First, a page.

The Practice of Reservoir Engineering (revised) [petroleum by L. Dake

By L. Dake

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E) The sizes and spacings of the phases. Armed with this information, we are in a strong position to re-examine the mechanical properties, and explain the great differences in strength, or toughness, or corrosion resistance between alloys. But where does this information come from? The constitution of an alloy is summarised by its phase diagram – the subject of the next chapter. The shape and size are more difficult, since they depend on the details of how the alloy was made. But, as we shall see from later chapters, a fascinating range of microscopic processes operates when metals are cast, or worked or heat-treated into finished products; and by understanding these, shape and size can, to a large extent, be predicted.

If we put r1 = r2/2 in eqn. 17 r 22 ). 5 J m−2 and r2 = 10−7 m our two precipitates give us a free work of 10−14 J, or about 7 J mol−1. And this is large enough to make coarsening quite a problem. One way of getting over this is to choose alloying elements that give us coherent precipitates. 7 J mol−1. Grain growth The grain boundary energy tied up in a polycrystalline metal works in the same sort of way to give us a driving force for grain coarsening. As we shall see in Chapter 13, grain coarsening can cause us big problems when we try to weld high-strength steels together.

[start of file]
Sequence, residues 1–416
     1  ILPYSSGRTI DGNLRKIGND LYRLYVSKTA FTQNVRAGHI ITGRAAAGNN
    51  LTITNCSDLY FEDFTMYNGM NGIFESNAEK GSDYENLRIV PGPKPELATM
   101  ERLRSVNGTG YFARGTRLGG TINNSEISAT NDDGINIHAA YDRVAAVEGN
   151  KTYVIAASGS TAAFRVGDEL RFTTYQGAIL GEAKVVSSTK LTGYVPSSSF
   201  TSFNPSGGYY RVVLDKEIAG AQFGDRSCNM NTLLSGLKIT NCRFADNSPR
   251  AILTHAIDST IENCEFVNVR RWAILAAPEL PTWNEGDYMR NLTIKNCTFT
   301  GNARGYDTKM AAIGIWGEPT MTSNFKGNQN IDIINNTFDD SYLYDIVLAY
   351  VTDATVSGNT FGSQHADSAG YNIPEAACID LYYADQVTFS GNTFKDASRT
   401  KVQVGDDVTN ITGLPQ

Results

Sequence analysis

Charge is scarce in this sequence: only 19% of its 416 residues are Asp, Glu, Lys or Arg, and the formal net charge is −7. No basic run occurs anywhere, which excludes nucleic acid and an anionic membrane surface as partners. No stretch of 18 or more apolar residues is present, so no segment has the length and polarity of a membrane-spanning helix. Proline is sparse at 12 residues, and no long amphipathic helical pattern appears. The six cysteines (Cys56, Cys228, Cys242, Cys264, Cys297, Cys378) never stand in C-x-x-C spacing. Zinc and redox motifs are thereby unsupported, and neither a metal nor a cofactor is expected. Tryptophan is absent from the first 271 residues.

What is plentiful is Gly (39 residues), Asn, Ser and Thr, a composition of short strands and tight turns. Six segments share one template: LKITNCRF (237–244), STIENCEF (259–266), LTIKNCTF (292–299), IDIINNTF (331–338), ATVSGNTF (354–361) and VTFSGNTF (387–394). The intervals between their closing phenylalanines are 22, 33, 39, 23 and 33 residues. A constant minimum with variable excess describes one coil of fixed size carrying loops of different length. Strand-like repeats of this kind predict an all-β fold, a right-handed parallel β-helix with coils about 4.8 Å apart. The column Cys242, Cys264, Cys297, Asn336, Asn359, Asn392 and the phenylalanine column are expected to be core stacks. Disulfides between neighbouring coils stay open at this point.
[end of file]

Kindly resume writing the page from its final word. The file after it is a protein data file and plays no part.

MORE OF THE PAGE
Hands-on experience is essential. So, although this chapter introduces you to phase diagrams, it is important for you to work through the “Teaching Yourself Phase Diagrams” section at the end of the book. This includes many short examples which give you direct experience of using the diagrams. The whole thing will only take you about four hours and we have tried to make it interesting, even entertaining. But first, a reminder of some essential definitions. Definitions An alloy is a metal made by taking a pure metal and adding other elements (the “alloying elements”) to it.

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